11/30/12

Afternoon, monkeys. I've got the first of a two part interview for you today with Certified User Nefarious. Nefarious works in Strategy at a major Fortune 500 Aerospace & Defense company. While I know many of your are focused on banking and private equity, I think everyone can benefit from hearing his story.

Strategy jobs are some of the most intellectually satisfying roles out there, and they've got a great work-life balance. Plus, if you're in an interesting industry, like A&D, you'll put yourself in a position to have a tremendous, well-paying career in a space you really care about. From what Nefarious told me about his role, I'd bet that he's got one of the best jobs of anyone on the site.

And for any non-target readers who want to hear about non-traditional ways to break into a tough industry, his story is one of the best I've ever heard.

Today, we cover his background, how he broke into the industry, and extensive details on his Strategy job. Without further ado, here is Part One of the Q&A:

TheKing: So, tell us a bit about your background. Where'd you go to school, what did you major in?

Nefarious: I attended a top 50 non-target and majored in Economics and minored in Philosophy. My original plan was to go to law school, hence the odd major and minor combination, however, I eventually decided against it. During the time I was weighing my decision I had a lot of contacts telling me it was a bloated industry with graduates from a lot of good schools only able to find jobs as clerks, pushing paper for 15-20 dollars an hour. That sounded pretty terrible so I ended up going in a different direction.

TheKing: I understand you work in Strategy at a Fortune 500 Aerospace and Defense company. How'd you get into that? Previous banking or consulting experience?

Nefarious: Correct - I work for a Global 500 firm in the Aerospace and Defense field. After I graduated I had no clue what I wanted to do. Spending four years of college preparing to go to law school only to ditch that idea at the last second left me fairly high and dry and since I went to an out of state school, I financed my education by bartending, which meant staying at school during the summer to work instead of getting internships (money > working for free).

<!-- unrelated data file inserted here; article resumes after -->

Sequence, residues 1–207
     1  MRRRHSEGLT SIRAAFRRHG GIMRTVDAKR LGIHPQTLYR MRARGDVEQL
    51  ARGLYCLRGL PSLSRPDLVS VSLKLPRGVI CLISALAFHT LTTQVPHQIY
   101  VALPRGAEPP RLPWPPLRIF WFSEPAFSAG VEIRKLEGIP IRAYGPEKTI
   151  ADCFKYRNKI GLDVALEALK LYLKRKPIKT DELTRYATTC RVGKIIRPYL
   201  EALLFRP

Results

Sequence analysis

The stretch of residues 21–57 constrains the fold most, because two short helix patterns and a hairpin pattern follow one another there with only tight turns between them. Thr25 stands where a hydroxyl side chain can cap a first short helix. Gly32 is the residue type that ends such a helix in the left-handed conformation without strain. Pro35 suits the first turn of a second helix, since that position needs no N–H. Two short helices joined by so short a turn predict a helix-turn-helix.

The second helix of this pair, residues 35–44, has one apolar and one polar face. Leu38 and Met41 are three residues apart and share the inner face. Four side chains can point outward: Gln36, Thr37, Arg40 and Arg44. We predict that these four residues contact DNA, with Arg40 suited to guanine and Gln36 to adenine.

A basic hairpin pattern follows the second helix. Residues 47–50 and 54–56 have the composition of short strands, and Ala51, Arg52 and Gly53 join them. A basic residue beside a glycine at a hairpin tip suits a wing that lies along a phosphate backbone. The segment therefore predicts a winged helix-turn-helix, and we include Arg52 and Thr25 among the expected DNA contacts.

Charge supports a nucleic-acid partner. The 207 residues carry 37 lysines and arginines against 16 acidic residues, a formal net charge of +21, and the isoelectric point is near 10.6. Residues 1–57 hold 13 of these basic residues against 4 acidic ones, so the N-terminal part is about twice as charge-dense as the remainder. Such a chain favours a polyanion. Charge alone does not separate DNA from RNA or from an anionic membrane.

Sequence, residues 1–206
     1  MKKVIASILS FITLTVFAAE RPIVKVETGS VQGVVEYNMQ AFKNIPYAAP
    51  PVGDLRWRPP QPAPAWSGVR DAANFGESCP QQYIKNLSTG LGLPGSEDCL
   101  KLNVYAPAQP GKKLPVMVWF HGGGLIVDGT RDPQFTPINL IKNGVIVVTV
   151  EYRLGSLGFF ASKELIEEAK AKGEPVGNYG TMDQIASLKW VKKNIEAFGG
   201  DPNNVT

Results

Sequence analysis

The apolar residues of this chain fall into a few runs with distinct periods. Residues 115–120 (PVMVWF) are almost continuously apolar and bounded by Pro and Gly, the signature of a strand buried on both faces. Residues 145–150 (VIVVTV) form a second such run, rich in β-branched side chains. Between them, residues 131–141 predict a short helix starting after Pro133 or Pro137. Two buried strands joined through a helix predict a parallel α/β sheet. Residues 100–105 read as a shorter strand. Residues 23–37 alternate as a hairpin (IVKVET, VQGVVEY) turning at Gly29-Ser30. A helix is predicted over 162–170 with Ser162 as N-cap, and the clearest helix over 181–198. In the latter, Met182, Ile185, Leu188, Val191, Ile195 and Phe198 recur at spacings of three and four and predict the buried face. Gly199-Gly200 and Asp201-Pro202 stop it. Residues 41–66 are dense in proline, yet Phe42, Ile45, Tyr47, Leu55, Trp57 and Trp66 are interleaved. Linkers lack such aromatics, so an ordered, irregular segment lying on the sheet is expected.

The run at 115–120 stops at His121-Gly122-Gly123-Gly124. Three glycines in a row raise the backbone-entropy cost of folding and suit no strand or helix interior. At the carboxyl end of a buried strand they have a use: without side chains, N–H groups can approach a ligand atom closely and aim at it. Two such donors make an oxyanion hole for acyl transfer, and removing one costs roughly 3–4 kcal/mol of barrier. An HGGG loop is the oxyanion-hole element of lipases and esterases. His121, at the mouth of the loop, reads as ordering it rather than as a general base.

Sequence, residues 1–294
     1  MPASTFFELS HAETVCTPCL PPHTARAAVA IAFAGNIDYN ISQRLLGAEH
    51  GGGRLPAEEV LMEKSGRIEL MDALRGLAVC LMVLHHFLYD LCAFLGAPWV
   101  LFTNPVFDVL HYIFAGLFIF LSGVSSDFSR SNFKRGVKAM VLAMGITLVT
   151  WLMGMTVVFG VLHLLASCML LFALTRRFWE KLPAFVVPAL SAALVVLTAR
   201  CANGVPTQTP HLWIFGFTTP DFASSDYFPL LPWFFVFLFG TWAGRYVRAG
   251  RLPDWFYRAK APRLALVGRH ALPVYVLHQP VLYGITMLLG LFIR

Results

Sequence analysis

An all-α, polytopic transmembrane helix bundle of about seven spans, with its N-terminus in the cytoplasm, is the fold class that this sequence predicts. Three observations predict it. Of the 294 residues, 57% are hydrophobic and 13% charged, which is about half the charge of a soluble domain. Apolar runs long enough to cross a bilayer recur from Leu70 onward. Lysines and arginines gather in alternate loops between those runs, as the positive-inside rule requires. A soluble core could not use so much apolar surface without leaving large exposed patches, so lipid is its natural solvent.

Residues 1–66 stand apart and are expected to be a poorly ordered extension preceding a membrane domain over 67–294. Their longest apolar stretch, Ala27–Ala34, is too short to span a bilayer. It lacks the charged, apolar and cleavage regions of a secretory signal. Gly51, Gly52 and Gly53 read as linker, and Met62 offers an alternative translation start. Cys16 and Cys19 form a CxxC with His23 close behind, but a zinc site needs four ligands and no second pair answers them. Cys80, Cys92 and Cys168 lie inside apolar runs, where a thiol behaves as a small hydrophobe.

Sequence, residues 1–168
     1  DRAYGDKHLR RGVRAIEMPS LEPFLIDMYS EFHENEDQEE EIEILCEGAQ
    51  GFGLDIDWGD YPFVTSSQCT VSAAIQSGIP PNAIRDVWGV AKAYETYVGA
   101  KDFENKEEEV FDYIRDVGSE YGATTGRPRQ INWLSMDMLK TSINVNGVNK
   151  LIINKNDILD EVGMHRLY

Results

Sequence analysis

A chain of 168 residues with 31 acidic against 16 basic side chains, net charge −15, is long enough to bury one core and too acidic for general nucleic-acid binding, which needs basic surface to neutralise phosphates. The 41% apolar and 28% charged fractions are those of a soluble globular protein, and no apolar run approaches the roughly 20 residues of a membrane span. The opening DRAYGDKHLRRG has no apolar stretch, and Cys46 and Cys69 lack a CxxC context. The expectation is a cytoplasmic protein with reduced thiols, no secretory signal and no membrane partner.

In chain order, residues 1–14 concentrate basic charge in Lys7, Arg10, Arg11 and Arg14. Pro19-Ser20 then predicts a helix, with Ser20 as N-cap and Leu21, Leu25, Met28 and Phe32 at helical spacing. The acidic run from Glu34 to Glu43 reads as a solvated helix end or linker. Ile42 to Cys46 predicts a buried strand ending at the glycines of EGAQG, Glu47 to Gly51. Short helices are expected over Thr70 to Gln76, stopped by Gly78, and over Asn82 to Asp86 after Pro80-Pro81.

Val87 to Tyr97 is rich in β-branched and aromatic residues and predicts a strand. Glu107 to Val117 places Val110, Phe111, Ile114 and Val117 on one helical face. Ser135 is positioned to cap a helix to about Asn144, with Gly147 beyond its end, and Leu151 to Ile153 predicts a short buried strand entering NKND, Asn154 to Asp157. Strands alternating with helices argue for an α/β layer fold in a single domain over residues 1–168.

I began networking fairly heavily - my bartending gig paid extremely well so I was not worried about money and was more concerned about finding a good fit and a good opportunity. I was fortunate enough to find a strategy position with a tech firm in NY. I accepted the offer and worked there for two years before taking a role with my current company. I did not have any previous banking or consulting experience although I did have a boutique IB offer before I took the job in NY. I have always viewed the diluted hourly rate in IB to be a little ridiculous, especially when there are plenty of other opportunities out there with comparable pay and far less hours needing to be put in. Besides, most IB and consulting guys typically end up jumping ship to CorpStrat/CorpDev after most of them don't land that PE/HF job they were gunning for, so I just cut out the middle man.

TheKing: What is the role of the Strategy group within your company? In my experience, companies sometimes have separate Strategy and M&A groups, with Strategy groups working more on a high-level business development projects while M&A groups focus on potential acquisition targets. Is this the case at your firm?

Nefarious: This is where big company corporate bureaucracy comes into play. Because this is a Global 500 company with literally hundreds of divisions, there is a separate CorpStrat/CorpDev team that does that type of work for the company as a whole located at our headquarters. Below that there are the individual groups at specific divisions (Example: Aerospace v. Ground & Armaments). To make things even more confusing, these can be split between Strategy and M&A divisions and to go even further, M&A can be split between back office finance guys and front office negotiators and lawyers. These teams tend to run the company - I have seen M&A teams swoop into a division and take over the localized finance departments to help with their specific deal or to assist with due diligence, resulting in these people having to put their typical day to day tasks (like month end reporting) on the back burner. The corporate group is typically comprised of individuals with 20+ years experience.